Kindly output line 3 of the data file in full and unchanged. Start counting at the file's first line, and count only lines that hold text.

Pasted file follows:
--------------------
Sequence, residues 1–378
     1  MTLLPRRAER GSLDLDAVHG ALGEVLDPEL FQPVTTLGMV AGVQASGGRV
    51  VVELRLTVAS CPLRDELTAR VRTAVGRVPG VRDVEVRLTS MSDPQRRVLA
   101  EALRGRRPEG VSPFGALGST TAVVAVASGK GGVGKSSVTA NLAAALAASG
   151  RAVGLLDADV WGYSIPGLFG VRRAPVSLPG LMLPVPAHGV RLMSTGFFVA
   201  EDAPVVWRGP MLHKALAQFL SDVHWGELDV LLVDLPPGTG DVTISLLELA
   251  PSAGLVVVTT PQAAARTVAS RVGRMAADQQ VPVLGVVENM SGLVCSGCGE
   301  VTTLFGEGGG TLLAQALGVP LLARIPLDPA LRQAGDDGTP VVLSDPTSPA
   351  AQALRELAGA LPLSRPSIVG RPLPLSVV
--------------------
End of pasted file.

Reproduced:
    51  VVELRLTVAS CPLRDELTAR VRTAVGRVPG VRDVEVRLTS MSDPQRRVLA